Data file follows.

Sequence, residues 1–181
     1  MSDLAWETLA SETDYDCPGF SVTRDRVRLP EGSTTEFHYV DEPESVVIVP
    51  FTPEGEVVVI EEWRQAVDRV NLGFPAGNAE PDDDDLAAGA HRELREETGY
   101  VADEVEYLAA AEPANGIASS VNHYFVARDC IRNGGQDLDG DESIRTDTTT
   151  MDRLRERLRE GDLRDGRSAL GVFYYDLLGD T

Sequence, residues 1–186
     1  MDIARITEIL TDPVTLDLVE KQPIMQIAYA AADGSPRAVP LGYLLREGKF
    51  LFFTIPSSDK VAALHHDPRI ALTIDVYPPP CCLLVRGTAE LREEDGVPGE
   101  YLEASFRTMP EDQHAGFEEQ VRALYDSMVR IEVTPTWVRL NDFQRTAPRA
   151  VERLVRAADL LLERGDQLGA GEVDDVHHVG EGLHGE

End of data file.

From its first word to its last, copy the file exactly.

Sequence, residues 1–181
     1  MSDLAWETLA SETDYDCPGF SVTRDRVRLP EGSTTEFHYV DEPESVVIVP
    51  FTPEGEVVVI EEWRQAVDRV NLGFPAGNAE PDDDDLAAGA HRELREETGY
   101  VADEVEYLAA AEPANGIASS VNHYFVARDC IRNGGQDLDG DESIRTDTTT
   151  MDRLRERLRE GDLRDGRSAL GVFYYDLLGD T

Sequence, residues 1–186
     1  MDIARITEIL TDPVTLDLVE KQPIMQIAYA AADGSPRAVP LGYLLREGKF
    51  LFFTIPSSDK VAALHHDPRI ALTIDVYPPP CCLLVRGTAE LREEDGVPGE
   101  YLEASFRTMP EDQHAGFEEQ VRALYDSMVR IEVTPTWVRL NDFQRTAPRA
   151  VERLVRAADL LLERGDQLGA GEVDDVHHVG EGLHGE